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Cedars-Sinai Named to Pulmonary Fibrosis Foundation Care Center Network

Designation Highlights Lung Program as Destination for Expert Care

The Pulmonary Fibrosis Foundation has named Cedars-Sinai part of its Care Center Network, a group of medical centers that have demonstrated expertise in treating and supporting people with this deadly disease. 

“Our inclusion in this network is a recognition of our excellent pulmonary fibrosis clinical care, the availability of clinical and basic science research at our organization, and our focus on providing patients with education and support,” said Tanzira Zaman, MD, medical director of the Interstitial Lung Disease Program at Cedars-Sinai.

Interstitial lung diseases such as pulmonary fibrosis are rare disorders that cause scarring in the lungs. In pulmonary fibrosis, the scarring thickens lung tissue and interferes with the ability of the lungs to work properly. There is no cure for the progressive disease. In many cases, the cause of pulmonary fibrosis is unknown.

The Pulmonary Fibrosis Foundation sought the input of medical experts and pulmonary fibrosis patients when creating the inclusion criteria for the Care Center Network. Medical sites must offer expertise in pulmonary medicine, rheumatology, radiology, and pathology, as well as services to improve the quality of life of patients. Each site provides educational events and support groups for patients, for example. Sites also conduct research and contribute to a registry of patient data run by the Pulmonary Fibrosis Foundation.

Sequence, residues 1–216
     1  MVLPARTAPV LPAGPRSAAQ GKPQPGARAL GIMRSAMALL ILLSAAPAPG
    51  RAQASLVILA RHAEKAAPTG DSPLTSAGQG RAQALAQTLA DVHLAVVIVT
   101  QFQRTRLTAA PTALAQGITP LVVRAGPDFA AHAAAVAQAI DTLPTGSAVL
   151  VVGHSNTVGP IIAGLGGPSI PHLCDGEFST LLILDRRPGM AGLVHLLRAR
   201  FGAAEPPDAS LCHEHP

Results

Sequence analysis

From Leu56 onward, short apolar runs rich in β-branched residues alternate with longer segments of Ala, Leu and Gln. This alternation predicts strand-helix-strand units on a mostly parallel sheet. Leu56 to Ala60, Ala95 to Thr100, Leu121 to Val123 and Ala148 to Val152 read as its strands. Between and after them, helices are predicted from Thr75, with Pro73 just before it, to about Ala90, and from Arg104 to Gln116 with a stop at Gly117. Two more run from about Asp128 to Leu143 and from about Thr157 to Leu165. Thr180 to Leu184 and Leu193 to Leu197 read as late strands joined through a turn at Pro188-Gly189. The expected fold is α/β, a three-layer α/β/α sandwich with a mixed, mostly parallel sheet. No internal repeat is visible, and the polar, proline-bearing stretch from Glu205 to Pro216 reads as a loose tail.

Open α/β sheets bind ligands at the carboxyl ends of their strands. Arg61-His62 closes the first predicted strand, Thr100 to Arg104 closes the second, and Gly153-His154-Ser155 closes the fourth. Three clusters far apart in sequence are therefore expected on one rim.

“The therapies we have for interstitial lung disease, particularly for pulmonary fibrosis, are pretty limited, so there’s a huge need for more effective therapies,” Zaman said. “We're only going to discover them by putting our heads together and our patient resources together. This network facilitates that.”

Paul Noble, MDInvestigators at Cedars-Sinai are working to better understand interstitial lung diseases. In 2018, a team led by Cedars-Sinai was awarded $12 million from the National Institutes of Health (NIH) to study idiopathic pulmonary fibrosis and chronic lung allograft dysfunction. Several clinical trials are underway at Cedars-Sinai to better understand lung disease.  

“Inclusion in the Care Center Network is a recognition of our efforts to translate research into patient care,” said Paul Noble, MD, director of the Women’s Guild Lung Institute and the Vera and Paul Guerin Family Distinguished Chair in Pulmonary Medicine at Cedars-Sinai.

The Pulmonary Fibrosis Foundation Care Center Network now includes 81 sites in 35 states. Clinicians in the network can communicate with peers at other sites to share ideas and advice. 

Read more on the Cedars-Sinai Blog: A Second Shot at Life and He's Breathing Easy

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